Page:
Tanf's positioning a few kilometers from the Waleed Iraq-Syria border crossing and at the center of a 55km-radius deconfliction zone with the Russian military, allows it to act as an intelligence listening post on Russian and Iranian activity, a deterrent to pro-Iranian militias, a bulwark for Jordan within Syria, a guard against ISIS recurrence, and a safe passage and decoy used by Israeli fighter-jets approaching Syria on bombing raids that Tel Aviv prefers to deny.

Chas Freeman, a former U.S. ambassador to Saudi Arabia and Pentagon official, told this analyst:
"In international relations, declared policy and actual policy are seldom identical. The U.S. presence in Syria has many objectives, only one of which is combating Islamic extremists. It also supports the Israeli objectives of fragmenting and weakening Syria and interdicting Iran's supply lines to Hezbollah and the Assad government."
Unlike the other American bases in Syria, the garrison at Tanf marks America's only presence west of the Euphrates in areas otherwise controlled by Damascus. Tanf has hosted Jordanian and British special forces and is collocated with a U.S.-trained and equipped Syrian militia and Latin American contractors.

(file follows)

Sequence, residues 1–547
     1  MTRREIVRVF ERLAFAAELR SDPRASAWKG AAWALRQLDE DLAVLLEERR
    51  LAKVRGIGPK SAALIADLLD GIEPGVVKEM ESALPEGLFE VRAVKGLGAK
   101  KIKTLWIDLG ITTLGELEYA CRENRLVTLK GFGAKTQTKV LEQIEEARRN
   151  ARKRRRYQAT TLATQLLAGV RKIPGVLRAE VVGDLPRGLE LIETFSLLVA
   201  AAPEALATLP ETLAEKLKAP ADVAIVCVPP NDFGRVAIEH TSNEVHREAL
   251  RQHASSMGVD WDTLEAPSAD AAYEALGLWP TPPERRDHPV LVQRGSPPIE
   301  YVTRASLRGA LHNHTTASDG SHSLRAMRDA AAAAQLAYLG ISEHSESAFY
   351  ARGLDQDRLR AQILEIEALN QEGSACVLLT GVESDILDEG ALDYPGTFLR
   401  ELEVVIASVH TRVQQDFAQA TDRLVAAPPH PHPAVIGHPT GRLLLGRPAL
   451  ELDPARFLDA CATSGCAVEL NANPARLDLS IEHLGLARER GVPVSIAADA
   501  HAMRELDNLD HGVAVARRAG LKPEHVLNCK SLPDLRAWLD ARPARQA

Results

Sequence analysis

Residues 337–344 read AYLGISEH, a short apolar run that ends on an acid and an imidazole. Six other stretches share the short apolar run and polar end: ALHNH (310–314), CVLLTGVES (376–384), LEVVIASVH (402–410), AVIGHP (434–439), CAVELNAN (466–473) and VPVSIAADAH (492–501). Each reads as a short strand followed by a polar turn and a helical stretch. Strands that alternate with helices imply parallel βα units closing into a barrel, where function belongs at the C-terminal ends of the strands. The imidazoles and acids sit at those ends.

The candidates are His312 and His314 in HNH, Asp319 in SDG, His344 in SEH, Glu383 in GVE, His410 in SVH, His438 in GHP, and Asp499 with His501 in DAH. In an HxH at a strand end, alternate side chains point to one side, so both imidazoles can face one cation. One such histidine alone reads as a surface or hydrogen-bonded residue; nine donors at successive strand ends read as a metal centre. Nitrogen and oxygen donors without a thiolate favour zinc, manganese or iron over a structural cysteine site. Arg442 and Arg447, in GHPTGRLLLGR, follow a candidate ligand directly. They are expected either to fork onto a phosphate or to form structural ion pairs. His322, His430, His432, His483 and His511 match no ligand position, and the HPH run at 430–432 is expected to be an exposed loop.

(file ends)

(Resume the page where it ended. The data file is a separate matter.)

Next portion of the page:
A 2017 deconfliction agreement with Russia informally apportioned Syrian airspace used by both the U.S. and Russia. One consequence was that Israeli jets began using U.S.-controlled areas as a corridor for bombing runs inside Syria. In 2017, the Syrians reclaimed the Abu Kamal border post further north and pressed it into service as a gateway for Iranian weapons and Afghan recruits into Iran-trained militias. The development frustrated the U.S. project to disrupt the Tehran-Damascus axis, with some analysts arguing it invalidated the point of remaining in Syria. Others note that U.S. control over Waleed facilitates an Israeli focus on arms interdictions at Abu Kamal, continues to deny territory formerly held by ISIS from Iranians and Russians, and protects Israeli and Jordanian interests.